Standard of Review and Applicable Law

         Once an action is filed, a party may serve written requests for admissions that can encompass any matter within the scope of discovery. Tex.R.Civ.P. 198.1. If the opposing party does not serve its responses to the admissions requests within thirty days, the matters in the requests are deemed admitted against the party without the necessity of a court order. Id. 198.2(c). Any matter admitted or deemed admitted is conclusively established unless the court, on motion, permits withdrawal or amendment of the admission. Id. 198.3; Marshall v. Vise, 767 S.W.2d 699, 700 (Tex. 1989).

         We review the denial of a request to withdraw deemed admissions for an abuse of discretion. Stelly v. Papania 927 S.W.2d 620, 622 (Tex. 1996) (per curiam). Withdrawal of deemed admissions is permitted upon a showing of good cause for failure to timely respond and a finding by the trial court that (1) the party relying upon the deemed admissions will not be unduly prejudiced, and (2) presentation of the merits of the action will be served by the withdrawal. Tex.R.Civ.P. 198.3; Marino v. King, 355 S.W.3d 629, 633 (Tex. 2011) (per curiam). The party seeking withdrawal of the deemed admissions has the burden to establish good cause. Boulet v. State, 189 S.W.3d 833, 836 (Tex. App.-Houston [1st Dist.] 2006, no pet.). Good cause is established by showing the failure involved was an accident or mistake, not intentional or the result of conscious indifference. Wheeler v. Green, 157 S.W.3d 439, 442 (Tex. 2005) (per curiam).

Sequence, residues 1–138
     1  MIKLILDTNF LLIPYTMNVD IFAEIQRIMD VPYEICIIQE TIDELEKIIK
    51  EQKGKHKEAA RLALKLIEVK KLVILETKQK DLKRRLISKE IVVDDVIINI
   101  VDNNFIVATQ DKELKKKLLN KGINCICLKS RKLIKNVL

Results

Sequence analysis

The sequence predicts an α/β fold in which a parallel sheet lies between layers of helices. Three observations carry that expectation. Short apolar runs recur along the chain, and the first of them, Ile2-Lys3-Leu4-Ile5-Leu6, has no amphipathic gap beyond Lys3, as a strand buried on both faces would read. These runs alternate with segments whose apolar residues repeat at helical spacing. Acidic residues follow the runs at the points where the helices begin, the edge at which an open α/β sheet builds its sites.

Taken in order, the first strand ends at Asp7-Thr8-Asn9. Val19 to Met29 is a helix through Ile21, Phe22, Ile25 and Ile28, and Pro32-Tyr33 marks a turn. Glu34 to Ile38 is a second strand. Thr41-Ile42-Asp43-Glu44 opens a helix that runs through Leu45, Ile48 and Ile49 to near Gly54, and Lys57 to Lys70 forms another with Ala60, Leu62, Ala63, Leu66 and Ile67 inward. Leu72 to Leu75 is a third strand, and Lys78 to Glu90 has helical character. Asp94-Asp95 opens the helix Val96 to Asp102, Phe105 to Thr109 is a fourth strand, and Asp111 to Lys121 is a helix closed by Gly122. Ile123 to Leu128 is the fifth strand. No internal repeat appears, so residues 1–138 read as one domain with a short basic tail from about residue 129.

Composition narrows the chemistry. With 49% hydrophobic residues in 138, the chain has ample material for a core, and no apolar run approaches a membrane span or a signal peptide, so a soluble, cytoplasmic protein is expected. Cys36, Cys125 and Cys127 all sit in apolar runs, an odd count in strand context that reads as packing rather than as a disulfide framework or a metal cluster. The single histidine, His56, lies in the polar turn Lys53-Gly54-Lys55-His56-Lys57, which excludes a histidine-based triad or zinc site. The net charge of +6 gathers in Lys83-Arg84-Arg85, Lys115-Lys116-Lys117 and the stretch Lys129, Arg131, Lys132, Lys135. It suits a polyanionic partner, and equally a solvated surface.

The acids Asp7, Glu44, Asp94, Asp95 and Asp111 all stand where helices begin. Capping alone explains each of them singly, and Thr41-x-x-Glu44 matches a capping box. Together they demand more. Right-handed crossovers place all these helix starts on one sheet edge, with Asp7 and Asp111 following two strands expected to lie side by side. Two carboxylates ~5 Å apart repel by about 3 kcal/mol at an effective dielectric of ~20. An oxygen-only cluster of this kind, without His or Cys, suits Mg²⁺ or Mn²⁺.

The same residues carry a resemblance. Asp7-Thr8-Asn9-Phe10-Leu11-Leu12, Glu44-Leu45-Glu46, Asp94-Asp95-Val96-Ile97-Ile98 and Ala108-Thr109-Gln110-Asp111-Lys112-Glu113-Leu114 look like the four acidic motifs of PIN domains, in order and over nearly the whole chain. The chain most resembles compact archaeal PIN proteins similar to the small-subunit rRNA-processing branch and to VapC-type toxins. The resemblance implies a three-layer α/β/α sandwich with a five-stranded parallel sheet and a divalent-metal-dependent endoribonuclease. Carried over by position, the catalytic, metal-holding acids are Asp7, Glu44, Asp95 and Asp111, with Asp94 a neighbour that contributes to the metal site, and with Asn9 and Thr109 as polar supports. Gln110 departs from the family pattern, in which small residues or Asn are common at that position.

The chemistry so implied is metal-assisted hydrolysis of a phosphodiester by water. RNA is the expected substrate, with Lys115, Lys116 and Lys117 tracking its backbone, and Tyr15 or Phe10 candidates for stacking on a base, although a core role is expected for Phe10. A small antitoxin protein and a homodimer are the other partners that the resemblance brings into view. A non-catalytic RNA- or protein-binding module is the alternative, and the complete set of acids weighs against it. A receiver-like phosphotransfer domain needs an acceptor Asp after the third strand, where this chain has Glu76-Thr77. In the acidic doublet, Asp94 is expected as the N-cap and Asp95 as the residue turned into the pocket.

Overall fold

A different standard applies when the deemed admissions are merits preclusive. See id. at 443-444. When requests for admissions are used as intended, addressing uncontroverted matters or evidentiary ones like authenticity or admissibility of documents, deeming admissions by default is unlikely to compromise presentation of the merits. Id. at 443. Requests for admissions were never intended to require a defendant to admit the validity of a plaintiff's claims or concede his defenses. Marino, 355 S.W.3d at 632. When a party uses deemed admissions to try to preclude presentation of the merits, where the requestor essentially seeks an admission of liability, the deemed admission can amount to a death-penalty sanction. Medina v. Zuniga, No. 17-0498, 2019 WL 1868012, at *3 (Tex. April 26, 2019). In that instance, constitutional due process concerns arise. Marino, 355 S.W.3d at 632.

         When requests for admissions are merits preclusive, the trial court is required to allow their withdrawal unless the party requesting withdrawal acted with flagrant bad faith or callous disregard for the rules in failing to timely respond to requests for admissions. Wheeler, 157 S.W.3d at 443. Ordinarily, the burden of showing good cause lies with the party seeking withdrawal of deemed admissions. See Boulet, 189 S.W.3d at 836. But when the requests for admission are merits preclusive, the party opposing the withdrawal of the admissions has ...